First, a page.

Location:
CONSUMER CREDIT;
Scope:
Connecticut laws/regulations;

OLR Research Report


February 15, 2013

 

2013-R-0152

CREDIT CARD SURCHARGE

By: Michelle Kirby, Associate Analyst

Duke Chen, Legislative Analyst II

You asked about the impact of the recent class-action settlement with Visa and MasterCard on credit card purchases in Connecticut.

SUMMARY

The class-action settlement between retailers, several major banks, Visa, and MasterCard allows merchants to impose a surcharge on credit card purchases. The impact of this class-action settlement is limited to credit card purchases in states that allow retailers to impose surcharges. Connecticut does not allow such charges. Therefore, the settlement has no impact on credit card purchases in Connecticut.

SETTLEMENT EFFECT ON CONNECTICUT

In a recent class-action settlement, Visa, MasterCard, and nine major banks agreed to pay millions of merchants approximately $7.25 billion to settle charges that they colluded to fix credit and debit card processing fees. The processing fee is the fee that a merchant is charged when a customer pays for a purchase with a debit or credit card. In order to process credit cards and debit cards, a merchant must negotiate a “merchant discount fee” either with his or her financial institution or, for Discover and American Express, with the credit card company directly. The negotiated fee is then subtracted from each customer transaction with a credit or debit card.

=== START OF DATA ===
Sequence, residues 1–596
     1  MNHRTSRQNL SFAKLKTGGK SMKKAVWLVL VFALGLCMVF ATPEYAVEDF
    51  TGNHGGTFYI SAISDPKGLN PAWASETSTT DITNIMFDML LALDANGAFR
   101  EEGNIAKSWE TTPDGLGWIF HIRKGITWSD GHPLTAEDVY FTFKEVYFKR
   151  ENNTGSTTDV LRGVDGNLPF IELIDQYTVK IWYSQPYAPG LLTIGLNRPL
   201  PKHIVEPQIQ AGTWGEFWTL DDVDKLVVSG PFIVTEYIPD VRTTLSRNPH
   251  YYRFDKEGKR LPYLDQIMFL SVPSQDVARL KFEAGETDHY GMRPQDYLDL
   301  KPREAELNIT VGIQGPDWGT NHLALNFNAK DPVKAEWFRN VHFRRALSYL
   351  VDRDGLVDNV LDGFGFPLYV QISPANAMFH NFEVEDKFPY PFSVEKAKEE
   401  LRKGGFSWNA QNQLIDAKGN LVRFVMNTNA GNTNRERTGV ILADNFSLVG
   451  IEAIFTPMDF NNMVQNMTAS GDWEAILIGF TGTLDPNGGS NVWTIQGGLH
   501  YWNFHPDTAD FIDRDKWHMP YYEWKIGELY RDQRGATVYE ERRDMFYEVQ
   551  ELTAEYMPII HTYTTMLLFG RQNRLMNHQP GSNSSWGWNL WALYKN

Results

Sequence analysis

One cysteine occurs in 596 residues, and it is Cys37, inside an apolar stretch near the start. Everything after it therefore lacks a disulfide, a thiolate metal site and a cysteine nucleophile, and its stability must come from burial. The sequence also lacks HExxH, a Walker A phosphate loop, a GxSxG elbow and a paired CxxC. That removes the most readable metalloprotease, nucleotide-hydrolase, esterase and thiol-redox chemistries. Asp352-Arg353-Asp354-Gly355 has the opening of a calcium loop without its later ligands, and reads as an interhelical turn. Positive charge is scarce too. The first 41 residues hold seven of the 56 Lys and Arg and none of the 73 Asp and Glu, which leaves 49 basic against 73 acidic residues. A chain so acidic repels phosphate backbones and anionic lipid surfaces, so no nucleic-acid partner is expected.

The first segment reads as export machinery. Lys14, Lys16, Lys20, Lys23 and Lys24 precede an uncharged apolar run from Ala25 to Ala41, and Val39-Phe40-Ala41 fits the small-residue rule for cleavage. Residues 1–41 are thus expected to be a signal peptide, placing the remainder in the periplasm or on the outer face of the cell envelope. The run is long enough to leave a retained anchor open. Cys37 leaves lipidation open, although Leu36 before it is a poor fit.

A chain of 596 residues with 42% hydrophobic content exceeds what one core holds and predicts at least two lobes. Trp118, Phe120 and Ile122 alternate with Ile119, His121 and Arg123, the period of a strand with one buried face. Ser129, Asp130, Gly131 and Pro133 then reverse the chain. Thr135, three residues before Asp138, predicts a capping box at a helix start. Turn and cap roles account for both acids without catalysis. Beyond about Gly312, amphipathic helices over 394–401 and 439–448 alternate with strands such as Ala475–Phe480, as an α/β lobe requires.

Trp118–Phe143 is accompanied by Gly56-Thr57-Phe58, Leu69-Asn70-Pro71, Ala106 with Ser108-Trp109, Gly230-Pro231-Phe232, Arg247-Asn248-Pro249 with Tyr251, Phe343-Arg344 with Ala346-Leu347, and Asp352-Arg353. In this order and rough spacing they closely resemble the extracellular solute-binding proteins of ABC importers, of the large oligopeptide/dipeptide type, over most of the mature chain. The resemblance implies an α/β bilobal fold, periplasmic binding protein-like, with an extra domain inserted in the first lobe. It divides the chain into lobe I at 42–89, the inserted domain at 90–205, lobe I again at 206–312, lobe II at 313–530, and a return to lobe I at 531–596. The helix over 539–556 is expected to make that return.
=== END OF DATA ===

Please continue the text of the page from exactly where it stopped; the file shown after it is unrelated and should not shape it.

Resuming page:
In states that allow retailers to charge credit card processing fees, the settlement allows merchants to pass the processing fee on to the consumer.  This means that the merchant may charge more when a customer pays with a credit card. But the amount the merchant may charge is limited to the amount that would cover the processing costs.

This agreement applies only to credit cards and not debit cards. And it has no impact in Connecticut because state law prohibits a seller from imposing a surcharge on a buyer using any method of payment, including cash, check, credit card, or electronic means, in any sales transaction (CGS 42-133ff).

Nine other states also have laws prohibiting retailers from charging these fees (California, Colorado, Florida, Kansas, Maine, Massachusetts, New York, Oklahoma, and Texas).

For more information on credit card processing fees, see OLR Report 2013-R-0015.

More information on the class-action settlement can be found at the Official Settlement Site.

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